Monday, June 16, 2014

Ibsen on the Bus

The last New Yorker issue was a double one, so I've read it by now and as of last Friday have had nothing to read on the bus. (Friday afternoon at work, I desperately printed out articles from Vanity Fair, et al -- any online place that would let me read and print so that I wouldn't be forced to stare blankly into space for the hour trip home after work.)

Today, Monday morning, there was still no bus-reading material... oh, well, except for the thousand books that I have in my apartment. Grabbed the paperback of Ibsen's "Four Major Plays: Volume 1." I was jazzed up after just the foreword, reading the editor's puzzlement when trying to discern why Ibsen painted, at age 17, the biblical prophet Elijah, entitling the picture: "The Prophet Elijah under a juniper tree in the wilderness, I Kings, 19, 5."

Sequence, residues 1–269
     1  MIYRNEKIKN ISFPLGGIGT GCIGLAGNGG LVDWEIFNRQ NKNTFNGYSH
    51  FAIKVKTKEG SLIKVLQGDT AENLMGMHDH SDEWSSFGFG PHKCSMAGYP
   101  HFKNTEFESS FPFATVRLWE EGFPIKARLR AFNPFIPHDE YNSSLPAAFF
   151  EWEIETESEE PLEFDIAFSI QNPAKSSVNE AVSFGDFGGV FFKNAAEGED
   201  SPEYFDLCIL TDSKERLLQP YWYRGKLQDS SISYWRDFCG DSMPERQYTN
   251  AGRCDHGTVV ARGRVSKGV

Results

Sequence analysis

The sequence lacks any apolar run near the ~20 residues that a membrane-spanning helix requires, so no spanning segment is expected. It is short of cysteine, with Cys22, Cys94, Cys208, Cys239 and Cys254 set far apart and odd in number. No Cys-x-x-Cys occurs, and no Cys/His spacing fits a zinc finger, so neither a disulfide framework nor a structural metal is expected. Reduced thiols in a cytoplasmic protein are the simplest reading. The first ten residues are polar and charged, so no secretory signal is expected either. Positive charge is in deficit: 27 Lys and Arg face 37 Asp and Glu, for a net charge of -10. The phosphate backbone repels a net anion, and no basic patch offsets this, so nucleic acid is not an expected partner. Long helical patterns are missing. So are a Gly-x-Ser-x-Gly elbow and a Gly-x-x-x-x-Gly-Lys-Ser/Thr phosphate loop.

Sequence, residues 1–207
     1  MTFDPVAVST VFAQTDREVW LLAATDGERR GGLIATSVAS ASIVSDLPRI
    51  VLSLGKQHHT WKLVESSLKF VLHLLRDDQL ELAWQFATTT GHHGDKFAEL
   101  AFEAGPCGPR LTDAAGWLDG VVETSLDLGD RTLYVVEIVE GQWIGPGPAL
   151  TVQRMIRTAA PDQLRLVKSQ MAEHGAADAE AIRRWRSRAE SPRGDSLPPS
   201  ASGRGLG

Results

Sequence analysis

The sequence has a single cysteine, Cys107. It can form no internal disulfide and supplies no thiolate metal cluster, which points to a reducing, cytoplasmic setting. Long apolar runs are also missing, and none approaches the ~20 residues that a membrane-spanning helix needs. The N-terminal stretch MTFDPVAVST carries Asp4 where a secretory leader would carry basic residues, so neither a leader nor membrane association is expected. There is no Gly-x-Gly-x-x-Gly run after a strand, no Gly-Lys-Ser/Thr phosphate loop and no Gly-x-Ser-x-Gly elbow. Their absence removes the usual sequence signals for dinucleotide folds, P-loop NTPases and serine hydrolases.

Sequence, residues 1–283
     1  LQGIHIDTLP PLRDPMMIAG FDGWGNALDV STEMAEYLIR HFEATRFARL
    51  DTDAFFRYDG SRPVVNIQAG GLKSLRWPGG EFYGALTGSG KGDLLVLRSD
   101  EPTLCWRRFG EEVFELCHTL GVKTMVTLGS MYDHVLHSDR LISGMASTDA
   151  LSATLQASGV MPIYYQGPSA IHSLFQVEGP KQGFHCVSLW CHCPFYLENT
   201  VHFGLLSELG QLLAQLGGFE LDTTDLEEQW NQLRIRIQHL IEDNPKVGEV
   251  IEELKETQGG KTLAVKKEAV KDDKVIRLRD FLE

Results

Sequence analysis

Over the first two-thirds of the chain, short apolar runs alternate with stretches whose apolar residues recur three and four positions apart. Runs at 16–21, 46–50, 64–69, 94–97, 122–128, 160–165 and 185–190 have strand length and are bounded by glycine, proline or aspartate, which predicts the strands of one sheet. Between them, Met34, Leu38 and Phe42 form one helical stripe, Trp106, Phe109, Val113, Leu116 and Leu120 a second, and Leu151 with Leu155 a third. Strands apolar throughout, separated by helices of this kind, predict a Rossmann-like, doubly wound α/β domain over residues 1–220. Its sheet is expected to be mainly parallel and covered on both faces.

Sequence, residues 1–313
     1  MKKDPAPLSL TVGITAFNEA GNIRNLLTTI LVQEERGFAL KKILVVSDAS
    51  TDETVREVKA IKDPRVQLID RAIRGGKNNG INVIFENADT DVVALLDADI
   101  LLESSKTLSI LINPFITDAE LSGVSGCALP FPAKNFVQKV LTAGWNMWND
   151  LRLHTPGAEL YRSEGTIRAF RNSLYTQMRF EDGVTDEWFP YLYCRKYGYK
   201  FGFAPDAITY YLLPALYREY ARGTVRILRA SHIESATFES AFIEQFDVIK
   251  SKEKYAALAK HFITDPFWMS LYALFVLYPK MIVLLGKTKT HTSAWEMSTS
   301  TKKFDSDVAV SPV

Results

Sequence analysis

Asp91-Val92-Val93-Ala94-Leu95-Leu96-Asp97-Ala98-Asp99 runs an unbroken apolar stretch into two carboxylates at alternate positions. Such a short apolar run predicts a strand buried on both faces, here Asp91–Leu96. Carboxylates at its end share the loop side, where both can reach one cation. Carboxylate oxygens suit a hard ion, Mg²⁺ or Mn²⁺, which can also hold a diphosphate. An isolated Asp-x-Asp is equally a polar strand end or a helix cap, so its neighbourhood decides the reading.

The foreword says: "The text referred to reads: 'And he lay down under the juniper tree; and behold, an angel touched him, and said to him, 'Arise and eat.'" And then the text dumbly asks, "What is there in this passage, we wonder, that Ibsen should want to paint it?"

Turns out the preceding biblical verse (what I pretty much suspected was about to come) was: "But he himself went a day's journey into the wilderness, and came and sat down under a juniper tree; and he asked that he might die, saying, 'It is enough now, O Lord, take away my life; for I am no better than my fathers.'"

And all this before 8:30am! :)  What a great, mind-blowingly intelligent way to start the day! Reading nothing but the New Yorker for the past few months, I've missed this kind of REVELATION (as opposed to mere "upper-middle-class Conventional Wisdom"-- the New Yorker is smart, but it's usually completely "of the moment" as opposed to "of the ages"; there's very little depth there, more often a compendium of social trends. I didn't used to know this).

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